Bor­ough be­gins year with menu of re­de­vel­op­ment plans

The Mercury (Pottstown, PA) - - FRONT PAGE - By Evan Brandt [email protected]­tu­ry­media.com @PottstownNews on Twit­ter

Three re­de­vel­op­ment projects re­ceived a fa­vor­able re­ac­tion from bor­ough coun­cil Wed­nes­day night with all three seem­ingly on track for fi­nal ap­proval Mon­day.

The first to be con­sid­ered, and the one in the big­gest rush dur­ing Wed­nes­day night’s work ses­sion, were the rep­re­sen­ta­tives of Cat­a­lyst Com­mer­cial De­vel­op­ment in Con­shohocken.

Dol­lar Gen­eral at For­mer Sub­way

They were be­fore coun­cil with a plan to re-de­velop the prop­erty at 1432 E. High St., which many may know as the site of the for­mer Sub­way res-


Cat­a­lyst rep­re­sen­ta­tive Aaron Repucci told coun­cil the plan is to de­mol­ish the por­tion of the build­ing that once held the Sub­way to cre­ate more park­ing and cre­ate space for a Dol­lar Gen­eral store.

The re-de­vel­op­ment will also al­low for ex­pan­sion of both King Pizza and the pop­u­lar Three Brothers Grill Mex­i­can restau­rant there.

The de­vel­op­ers were ask­ing for coun­cil to waive the land de­vel­op­ment process, ar­gu­ing that they are ac­tu­ally mak­ing the build­ing foot­print smaller, cre­at­ing more park­ing and open space, as well as re­pair­ing and ex­tend­ing the fa­cade to hide the util­i­ties vis­i­ble on the roof of the build­ing.

Also, said Repucci, Dol­lar Gen­eral is anx­ious to move in soon.

“They want this lease signed yes­ter­day, and they want to be in by Au­gust,” he said, adding that any de­lay may cause the de­vel­op­ers to lose the ten­ant. It’s that ten­ancy that makes the project fi­nan­cially fea­si­ble, they said.

De­spite the fact that the bor­ough en­gi­neer’s re­view let­ter had only been re­ceived that evening, coun­cil seemed in­clined to try to ac­com­mo­date the project, par­tic­u­larly given that some of the el­e­ments sought by the plan­ning com­mis­sion, such as some brick and faux iron fenc­ing sim­i­lar to that along the Wawa and McDon­ald’s, was added to the plan.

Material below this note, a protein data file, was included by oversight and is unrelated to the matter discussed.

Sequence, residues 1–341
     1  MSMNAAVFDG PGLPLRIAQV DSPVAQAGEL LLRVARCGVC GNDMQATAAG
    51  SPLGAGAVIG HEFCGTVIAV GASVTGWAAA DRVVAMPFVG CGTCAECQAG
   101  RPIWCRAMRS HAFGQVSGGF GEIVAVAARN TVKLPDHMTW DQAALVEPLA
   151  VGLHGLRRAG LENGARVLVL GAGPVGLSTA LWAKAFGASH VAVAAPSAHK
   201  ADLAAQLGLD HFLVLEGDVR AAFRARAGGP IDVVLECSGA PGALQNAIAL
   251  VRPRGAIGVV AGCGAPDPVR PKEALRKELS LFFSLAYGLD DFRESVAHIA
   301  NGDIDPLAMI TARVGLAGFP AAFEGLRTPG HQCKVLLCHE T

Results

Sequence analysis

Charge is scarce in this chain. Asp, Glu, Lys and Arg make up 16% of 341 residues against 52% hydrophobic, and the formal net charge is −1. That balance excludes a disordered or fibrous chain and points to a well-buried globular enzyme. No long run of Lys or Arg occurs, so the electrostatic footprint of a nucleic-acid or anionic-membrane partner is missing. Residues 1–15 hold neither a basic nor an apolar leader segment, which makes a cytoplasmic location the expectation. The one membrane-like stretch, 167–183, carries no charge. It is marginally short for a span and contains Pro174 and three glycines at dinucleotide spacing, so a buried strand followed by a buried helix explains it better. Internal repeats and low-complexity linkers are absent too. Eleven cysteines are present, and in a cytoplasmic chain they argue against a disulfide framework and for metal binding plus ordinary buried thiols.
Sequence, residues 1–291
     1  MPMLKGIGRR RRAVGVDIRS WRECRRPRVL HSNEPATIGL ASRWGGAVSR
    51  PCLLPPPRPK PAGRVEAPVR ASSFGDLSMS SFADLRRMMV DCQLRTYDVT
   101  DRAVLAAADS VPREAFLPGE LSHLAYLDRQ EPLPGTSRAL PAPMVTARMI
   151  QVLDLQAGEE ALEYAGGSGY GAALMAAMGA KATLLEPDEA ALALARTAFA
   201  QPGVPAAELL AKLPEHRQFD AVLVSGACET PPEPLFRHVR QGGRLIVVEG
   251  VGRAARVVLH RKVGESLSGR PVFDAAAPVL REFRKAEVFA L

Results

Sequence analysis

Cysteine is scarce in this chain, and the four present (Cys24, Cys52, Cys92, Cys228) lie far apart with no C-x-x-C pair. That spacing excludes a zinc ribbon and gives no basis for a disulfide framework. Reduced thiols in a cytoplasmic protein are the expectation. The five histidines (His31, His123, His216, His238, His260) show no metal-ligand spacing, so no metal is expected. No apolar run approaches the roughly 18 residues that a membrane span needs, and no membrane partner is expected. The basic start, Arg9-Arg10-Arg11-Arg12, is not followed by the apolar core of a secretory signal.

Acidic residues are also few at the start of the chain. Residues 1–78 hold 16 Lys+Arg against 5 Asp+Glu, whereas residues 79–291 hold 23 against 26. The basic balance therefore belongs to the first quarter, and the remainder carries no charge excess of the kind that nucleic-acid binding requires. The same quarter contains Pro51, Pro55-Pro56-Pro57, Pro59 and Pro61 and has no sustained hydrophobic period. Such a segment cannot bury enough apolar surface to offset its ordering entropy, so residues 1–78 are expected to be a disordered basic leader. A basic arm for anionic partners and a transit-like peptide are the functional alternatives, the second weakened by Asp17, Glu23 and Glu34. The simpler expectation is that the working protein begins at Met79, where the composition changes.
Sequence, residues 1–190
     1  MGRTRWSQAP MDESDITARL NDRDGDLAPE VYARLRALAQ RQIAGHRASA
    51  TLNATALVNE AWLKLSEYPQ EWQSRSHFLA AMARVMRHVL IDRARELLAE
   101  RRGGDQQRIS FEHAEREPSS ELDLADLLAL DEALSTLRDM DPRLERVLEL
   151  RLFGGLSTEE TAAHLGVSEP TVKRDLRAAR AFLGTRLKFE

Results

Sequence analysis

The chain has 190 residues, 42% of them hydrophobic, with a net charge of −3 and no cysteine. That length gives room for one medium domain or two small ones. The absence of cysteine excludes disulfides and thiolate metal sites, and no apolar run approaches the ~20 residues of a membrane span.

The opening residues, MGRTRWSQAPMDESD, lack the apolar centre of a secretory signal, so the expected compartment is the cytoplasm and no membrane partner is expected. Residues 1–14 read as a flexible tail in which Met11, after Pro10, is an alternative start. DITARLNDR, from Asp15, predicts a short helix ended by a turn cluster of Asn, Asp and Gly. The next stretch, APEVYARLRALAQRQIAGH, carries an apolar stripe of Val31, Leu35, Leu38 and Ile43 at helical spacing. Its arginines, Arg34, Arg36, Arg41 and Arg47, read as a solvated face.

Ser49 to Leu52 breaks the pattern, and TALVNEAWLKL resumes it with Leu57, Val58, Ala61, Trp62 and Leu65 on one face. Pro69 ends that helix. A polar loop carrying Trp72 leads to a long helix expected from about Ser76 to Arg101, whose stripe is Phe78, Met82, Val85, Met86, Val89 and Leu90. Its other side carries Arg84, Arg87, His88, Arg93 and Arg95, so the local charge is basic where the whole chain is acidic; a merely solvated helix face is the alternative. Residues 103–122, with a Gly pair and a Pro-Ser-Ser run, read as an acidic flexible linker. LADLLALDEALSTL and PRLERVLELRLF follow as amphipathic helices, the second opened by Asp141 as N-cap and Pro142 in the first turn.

They even ex­plored the idea of hold­ing a spe­cial meet­ing later in the month for a vote if it was felt more time was needed for con­sid­er­a­tion. Coun­cil­man Ryan Proc­sal, who de­clared him­self a reg­u­lar cus­tomer of Three Brothers, said he was ready to vote “right now” in fa­vor of the plan.

Burger King

An­other re­de­vel­op­ment project in the East End of town calls for the ad­di­tion of a play area and bet­ter drive-thru cir­cu­la­tion at the Burger King at 1515 E. High St., which will re­sult in the loss of 15 park­ing places.

Bor­ough Man­ager Justin Keller told coun­cil the restau­rant’s busi­ness is chang­ing and more of its cus­tomers want to get their food at the drive-thru so the pro­posed changes will al­low the ad­di­tion of a sec­ond drive-thru kiosk.

Coun­cil raised no ob­jects to this plan and will vote on it at Mon­day night’s meet­ing.

Cre­ative Health

Over on the other side of town, Cre­ative Health re­turned with its fi­nal plans for a “longterm struc­tured res­i­dence” at 71 Robin­son St.

This plan calls for ren­o­vat­ing the for­mer Pal­ladino Roof­ing build­ing into of­fices and six rooms with two beds each, and the con­struc­tion of a 1,600-foot cot­tage with two rooms, each with two beds, for pa­tients of Cre­ative Health.